Histopathological Spectrum of Cutaneous Basal Cell Carcinoma- An 11 Year Retrospective Study in a Tertiary Care Hospital in Southern Karnataka EC06-EC10
Dr. Namratha Ravishankar,
662, Koogubande Rd, E and F Block, Kuvempu Nagar, Mysore, Karnataka, India.
Introduction: Basal Cell Carcinoma (BCC) is a slow growing, locally invasive, malignant skin tumour with increasing incidence in recent decades. Various histological subtypes of BCC have been described which include nodular, superficial, adenoid, keratotic, basosquamous, and morpheiform.
Aim: To analyze the clinical data of patients with BCC and the histomorphological spectrum of BCCs in a population of Southern Karnataka.
Materials and Methods: This was an 11 year retrospective descriptive observational study of all histologically confirmed BCCs diagnosed in the Department of Pathology in a tertiary care centre in Southern Karnataka from January 2010 to January 2021. Detailed clinical data of 64 patients including age, gender, clinical diagnosis and anatomic location were analysed.
Results: The maximum number of BCCs occurred in the sixth decade with a slight female preponderance. Head and neck lesions were the most common and uncommon sites noted included the vulva and axilla. Most cases presented as an irregular plaque followed by presentation as an ulcerative lesion. Pigmentation was noted in 18 (28%) cases clinically. Majority of patients (63/64 or 98.4%) had a single lesion. Histological types included nodular, superficial, adenoid, basosquamous and BCC with sebaceous differentiation. Nodular BCC was the most commonly encountered type in our setting, followed by superficial BCC. Only one case of basosquamous carcinoma showed evidence of metastasis to lymph nodes.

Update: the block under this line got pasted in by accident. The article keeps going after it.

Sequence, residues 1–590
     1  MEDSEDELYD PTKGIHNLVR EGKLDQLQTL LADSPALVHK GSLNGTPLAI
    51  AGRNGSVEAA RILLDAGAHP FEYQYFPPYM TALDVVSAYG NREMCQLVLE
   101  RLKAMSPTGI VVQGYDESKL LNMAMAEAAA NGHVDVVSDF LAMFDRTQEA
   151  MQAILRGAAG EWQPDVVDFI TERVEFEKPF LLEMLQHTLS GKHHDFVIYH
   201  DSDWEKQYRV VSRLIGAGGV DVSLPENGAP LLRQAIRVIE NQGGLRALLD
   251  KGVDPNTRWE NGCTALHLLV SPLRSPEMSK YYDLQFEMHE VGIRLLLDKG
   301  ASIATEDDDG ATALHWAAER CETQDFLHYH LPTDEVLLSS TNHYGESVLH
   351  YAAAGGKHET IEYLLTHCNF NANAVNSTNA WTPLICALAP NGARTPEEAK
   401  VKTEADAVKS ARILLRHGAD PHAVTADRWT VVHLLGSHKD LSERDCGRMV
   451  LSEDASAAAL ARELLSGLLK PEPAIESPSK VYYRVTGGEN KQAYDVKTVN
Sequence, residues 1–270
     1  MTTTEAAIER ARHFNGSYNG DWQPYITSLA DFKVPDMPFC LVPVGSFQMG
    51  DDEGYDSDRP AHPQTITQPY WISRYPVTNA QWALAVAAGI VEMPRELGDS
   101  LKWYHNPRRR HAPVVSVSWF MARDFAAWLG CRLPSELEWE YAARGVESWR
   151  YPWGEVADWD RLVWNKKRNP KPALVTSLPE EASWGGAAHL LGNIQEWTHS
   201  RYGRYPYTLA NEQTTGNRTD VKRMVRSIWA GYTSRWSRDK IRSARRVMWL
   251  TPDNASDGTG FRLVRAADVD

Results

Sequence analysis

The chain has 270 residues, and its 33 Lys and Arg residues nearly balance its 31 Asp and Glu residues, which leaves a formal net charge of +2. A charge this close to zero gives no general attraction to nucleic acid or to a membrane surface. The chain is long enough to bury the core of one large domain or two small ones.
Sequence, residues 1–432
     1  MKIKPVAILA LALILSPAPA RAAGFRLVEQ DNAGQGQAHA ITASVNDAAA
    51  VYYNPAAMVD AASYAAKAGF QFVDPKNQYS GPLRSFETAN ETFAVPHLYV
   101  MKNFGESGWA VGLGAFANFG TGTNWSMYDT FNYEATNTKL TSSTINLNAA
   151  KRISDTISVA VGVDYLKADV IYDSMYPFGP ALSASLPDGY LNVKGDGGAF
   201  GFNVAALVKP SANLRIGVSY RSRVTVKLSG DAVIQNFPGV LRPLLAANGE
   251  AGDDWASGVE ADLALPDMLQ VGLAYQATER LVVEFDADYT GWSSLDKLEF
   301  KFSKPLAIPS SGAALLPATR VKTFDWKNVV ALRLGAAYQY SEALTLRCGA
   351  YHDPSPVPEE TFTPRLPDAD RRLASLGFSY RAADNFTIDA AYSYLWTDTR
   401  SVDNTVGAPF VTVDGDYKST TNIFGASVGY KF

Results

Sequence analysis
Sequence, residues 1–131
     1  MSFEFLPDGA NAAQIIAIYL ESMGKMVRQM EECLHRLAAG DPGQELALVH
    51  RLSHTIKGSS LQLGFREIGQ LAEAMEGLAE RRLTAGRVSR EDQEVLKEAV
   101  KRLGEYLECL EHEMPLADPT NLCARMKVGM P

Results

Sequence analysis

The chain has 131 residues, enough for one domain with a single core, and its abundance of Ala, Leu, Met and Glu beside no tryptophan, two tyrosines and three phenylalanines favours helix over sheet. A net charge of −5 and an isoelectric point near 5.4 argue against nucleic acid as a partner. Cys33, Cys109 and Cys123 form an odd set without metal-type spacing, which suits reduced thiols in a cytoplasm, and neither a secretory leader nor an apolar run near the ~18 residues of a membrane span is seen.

Conclusion: Histological evaluation of BCC is of paramount importance not only to establish the diagnosis but also to predict behaviour and risk of recurrence. In addition to the diagnosis, pathologist should also describe subtypes of the tumour which has a prognostic implication. This study reveals the morphological spectrum of BCC in the population of southern Karnataka and reveals significant patterns in anatomical distribution of BCC. It also highlights a significant percentage of BCCs presenting as pigmented lesions in the Indian population.